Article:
Sunday, February 23, 2020

Still Kinda Caught

Yep. Still kinda caught in that no-man's land I've been talking about, but still learning. I knew my reference photo probably didn't have enough dark/light contrasts, and I don't feel skilled enough yet to make them up.  Consequently the largest flowers in the forefront are less interesting than they should be. I find the right side of the composition more interesting than the left. That's why I'll fold this in half length-wise and make a greeting card out of it. Viewer will see the right side first. 

I make cards out of many (okay, most) of the paintings I create. They're not suitable for framing, but they're fun to send as cards. 

Thursday, February 20, 2020

Spring is here

More influence from artist Emily Weil after last Saturday's workshop. For the image below, I used a stick to apply the black ink -- Emily's influence. Thank you, dear Emily. Having fun with this. 

These orange flowers have popped out all around the island in the last few days; the yellows below just overnight and they're peppering areas right along the water and rocks. 

Tuesday, February 18, 2020

More Caughtness and Relief

Cherry Study II
Ink and w/c
6 x 9" Arches 100% cotton hot press paper

More caughtness and more relief. Relief is on top--something I created this afternoon with some ink followed by juicy w/w washes...after the a.m. caughtness on bottom -- those washes just didn't want to dance for me. Or I guess it's more accurate to admit that I didn't LET them dance. But once again, I learned something: when doing a wash over a wash, the bottom wash should loose its sheen before adding more paint--otherwise the top layer can spread too much. Also, it can help to use more paint (but still not too much paint) in the top wash than in the bottom wash. 

Maybe I also am partial to the washes that can happen on hot press paper??? Stay tuned on that one. 

Cherry Study I
7 x 10" Arches 100% cotton cold press paper

Sunday, February 16, 2020


Onion and Yam Conversation I
Ink and w/c
6 x 9", Arches Hot Press w/c paper

After wrestling with my attempts to control the Cheetah painting, it was such a relief to attend another three-hour workshop taught by Emily Weil yesterday at the Frank Bette Center for the Arts.  

Onion and Yam Conversation II
Ink and w/c
6 x 9", Arches Hot Press w/c paper

Emily helped chase my control blues away. This time she had us using sticks to apply ink (I used black acrylic ink by Daler/Rowney), let it dry a few minutes, and then add watercolor from a palette of only three colors by Daniel Smith: quinacridone magenta, hansa yellow light, and pthalo blue (green shade).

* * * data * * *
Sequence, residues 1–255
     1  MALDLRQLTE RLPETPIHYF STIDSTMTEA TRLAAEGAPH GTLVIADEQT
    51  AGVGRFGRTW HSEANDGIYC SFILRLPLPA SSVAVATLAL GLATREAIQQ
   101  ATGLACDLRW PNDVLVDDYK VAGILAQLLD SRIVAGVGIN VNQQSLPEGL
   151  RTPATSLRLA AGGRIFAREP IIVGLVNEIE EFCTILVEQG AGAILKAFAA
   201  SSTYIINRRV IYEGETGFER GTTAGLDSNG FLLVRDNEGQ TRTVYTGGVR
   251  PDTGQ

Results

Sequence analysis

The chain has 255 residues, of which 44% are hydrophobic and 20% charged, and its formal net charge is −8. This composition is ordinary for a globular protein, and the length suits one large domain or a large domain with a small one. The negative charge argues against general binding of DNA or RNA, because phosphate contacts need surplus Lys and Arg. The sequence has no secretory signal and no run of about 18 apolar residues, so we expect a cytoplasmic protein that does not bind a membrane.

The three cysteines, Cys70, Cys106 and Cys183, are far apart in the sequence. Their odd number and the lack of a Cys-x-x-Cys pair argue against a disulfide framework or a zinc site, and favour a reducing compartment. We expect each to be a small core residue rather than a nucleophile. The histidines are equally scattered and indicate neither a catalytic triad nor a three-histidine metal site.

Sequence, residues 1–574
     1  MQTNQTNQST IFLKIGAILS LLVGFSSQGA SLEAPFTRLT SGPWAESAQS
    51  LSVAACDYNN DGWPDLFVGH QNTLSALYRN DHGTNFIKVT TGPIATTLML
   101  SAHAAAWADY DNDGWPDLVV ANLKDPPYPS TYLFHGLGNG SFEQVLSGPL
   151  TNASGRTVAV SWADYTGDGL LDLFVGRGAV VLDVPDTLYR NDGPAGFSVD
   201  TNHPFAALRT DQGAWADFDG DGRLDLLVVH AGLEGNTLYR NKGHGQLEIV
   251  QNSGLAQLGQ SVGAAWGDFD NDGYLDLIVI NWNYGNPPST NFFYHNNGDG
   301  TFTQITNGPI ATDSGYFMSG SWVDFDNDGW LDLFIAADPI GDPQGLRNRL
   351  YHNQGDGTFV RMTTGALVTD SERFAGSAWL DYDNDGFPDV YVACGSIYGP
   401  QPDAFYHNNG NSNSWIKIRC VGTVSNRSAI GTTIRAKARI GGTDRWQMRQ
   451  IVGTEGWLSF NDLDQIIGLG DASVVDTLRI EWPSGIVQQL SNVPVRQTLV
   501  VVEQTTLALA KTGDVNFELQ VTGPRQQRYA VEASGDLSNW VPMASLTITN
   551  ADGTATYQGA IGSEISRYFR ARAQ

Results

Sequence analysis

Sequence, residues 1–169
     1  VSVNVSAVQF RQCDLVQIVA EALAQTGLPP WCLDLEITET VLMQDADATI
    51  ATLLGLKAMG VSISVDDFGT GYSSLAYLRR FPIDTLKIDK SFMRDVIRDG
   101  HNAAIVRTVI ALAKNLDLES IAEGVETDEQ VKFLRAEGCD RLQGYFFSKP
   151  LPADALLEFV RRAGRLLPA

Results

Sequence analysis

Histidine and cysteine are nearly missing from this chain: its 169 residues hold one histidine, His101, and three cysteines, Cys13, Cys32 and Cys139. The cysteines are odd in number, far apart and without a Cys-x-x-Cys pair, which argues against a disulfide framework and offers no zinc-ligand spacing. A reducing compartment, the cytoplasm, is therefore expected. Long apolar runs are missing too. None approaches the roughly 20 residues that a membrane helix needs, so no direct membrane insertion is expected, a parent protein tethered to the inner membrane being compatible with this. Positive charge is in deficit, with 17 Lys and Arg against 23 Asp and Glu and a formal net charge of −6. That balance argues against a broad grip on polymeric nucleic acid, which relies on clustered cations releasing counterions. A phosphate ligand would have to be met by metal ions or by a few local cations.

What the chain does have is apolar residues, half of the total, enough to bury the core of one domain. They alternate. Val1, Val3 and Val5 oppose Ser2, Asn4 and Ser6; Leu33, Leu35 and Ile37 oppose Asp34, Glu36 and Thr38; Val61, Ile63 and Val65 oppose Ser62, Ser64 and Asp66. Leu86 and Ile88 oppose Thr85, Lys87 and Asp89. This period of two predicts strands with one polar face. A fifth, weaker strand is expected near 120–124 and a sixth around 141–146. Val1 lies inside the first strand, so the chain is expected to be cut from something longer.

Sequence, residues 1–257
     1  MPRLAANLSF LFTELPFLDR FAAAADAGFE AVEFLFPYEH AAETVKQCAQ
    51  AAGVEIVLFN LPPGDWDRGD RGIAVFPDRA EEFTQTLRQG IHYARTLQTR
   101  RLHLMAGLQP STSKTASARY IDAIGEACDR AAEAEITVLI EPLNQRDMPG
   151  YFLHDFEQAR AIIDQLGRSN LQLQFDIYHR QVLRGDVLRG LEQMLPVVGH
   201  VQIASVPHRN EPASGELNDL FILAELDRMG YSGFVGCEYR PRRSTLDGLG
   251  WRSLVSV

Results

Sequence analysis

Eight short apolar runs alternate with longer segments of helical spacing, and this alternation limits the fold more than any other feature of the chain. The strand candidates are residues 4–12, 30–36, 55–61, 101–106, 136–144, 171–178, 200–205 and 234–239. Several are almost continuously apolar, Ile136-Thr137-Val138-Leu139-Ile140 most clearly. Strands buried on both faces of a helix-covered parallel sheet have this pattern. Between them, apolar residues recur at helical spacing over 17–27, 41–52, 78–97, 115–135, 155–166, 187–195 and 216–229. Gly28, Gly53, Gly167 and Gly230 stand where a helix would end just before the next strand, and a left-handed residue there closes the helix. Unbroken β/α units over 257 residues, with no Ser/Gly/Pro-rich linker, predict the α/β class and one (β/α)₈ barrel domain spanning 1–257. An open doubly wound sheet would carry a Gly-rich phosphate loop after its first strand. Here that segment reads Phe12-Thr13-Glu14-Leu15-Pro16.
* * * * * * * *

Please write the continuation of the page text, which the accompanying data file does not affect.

Onion and Yam Conversation III
Ink and w/c
6 x 9" Arches Hot Press w/c paper
Emily is so permission-giving as a teacher/artist. I highly recommend her as an instructor. In fact, she's leading a retreat this summer in the North Woods in Wisconsin. Be sure to check it out! 


10 x 14" watercolor
Arches 140# cold pressed 100% cotton w/c paper

Meet Cheetah, my friend Lynn's horse. I'm not normally drawn to include animals in my art, but Lynn's photo of Cheetah was so wonderfully rendered that I had to try creating it as a painting. I figured she wouldn't mind my appropriation. 

My goal: to render a true likeness of the horse but also to use some juicy washes and let the watercolor take the reins, just like Lynn says feisty Cheetah likes to do. But as you can see, I got caught in the sticky nettles of control and the watercolor magic didn't have a chance. 

I might try to spray out some sections of this and try again, as Sandra Strohschein demo-ed in a workshop awhile back. (Yes, I still plan a post on that workshop very soon.) Or I might just leave it as is and chalk it up to a two-day adventure on this steep learning curve called art. 

Monday, February 10, 2020

Negative Spaces

I tried to think in terms of painting the space around the flowers in order to block in their shapes. I was happy with that but then didn't do as well with the shadow shapes within the flowers. Same with the leaves--I rushed the process. Quite happy with the background and the shadows, however. Not happy with the full painting, below: I was in too much of a hurry with the bulbs. Also not crazy about the composition itself. I was intrigued with the way the left bulb extended so horizontally, but the overall composition is dull, with no clear focal point. BUT: at least I learned some things about the value of painting negative shapes. 

Saturday, February 1, 2020

Starting Over

So easy to get out of the daily painting habit and feel like you're regressing. So hard to get back into it. 

Today, after a gap of a couple of weeks and the gnawing feeling I might never paint again, I made myself start with a drawing of something close at hand--these sprouting bulbs. I started with pencil, then added some quick strokes of watercolor pencil and water, then a layer of watercolors with brush. It was all very rushed; I couldn't seem to make myself slow down and really see. After everything dried, I added black ink with my Sailor fountain pen with the calligraphic nib. That felt better. And then I added the words, and that felt even better. 

Sometimes getting back on the horse is clumsy and awkward, but that's what it takes to stay on a learning curve. But now, as the sun wanes, it's time for some of that chicken soup. 

More About the Sally Project

I met Sally forty years ago when I was twenty and she was the one in her sixties. I was a waitress at a Howard Johnson’s restaurant on...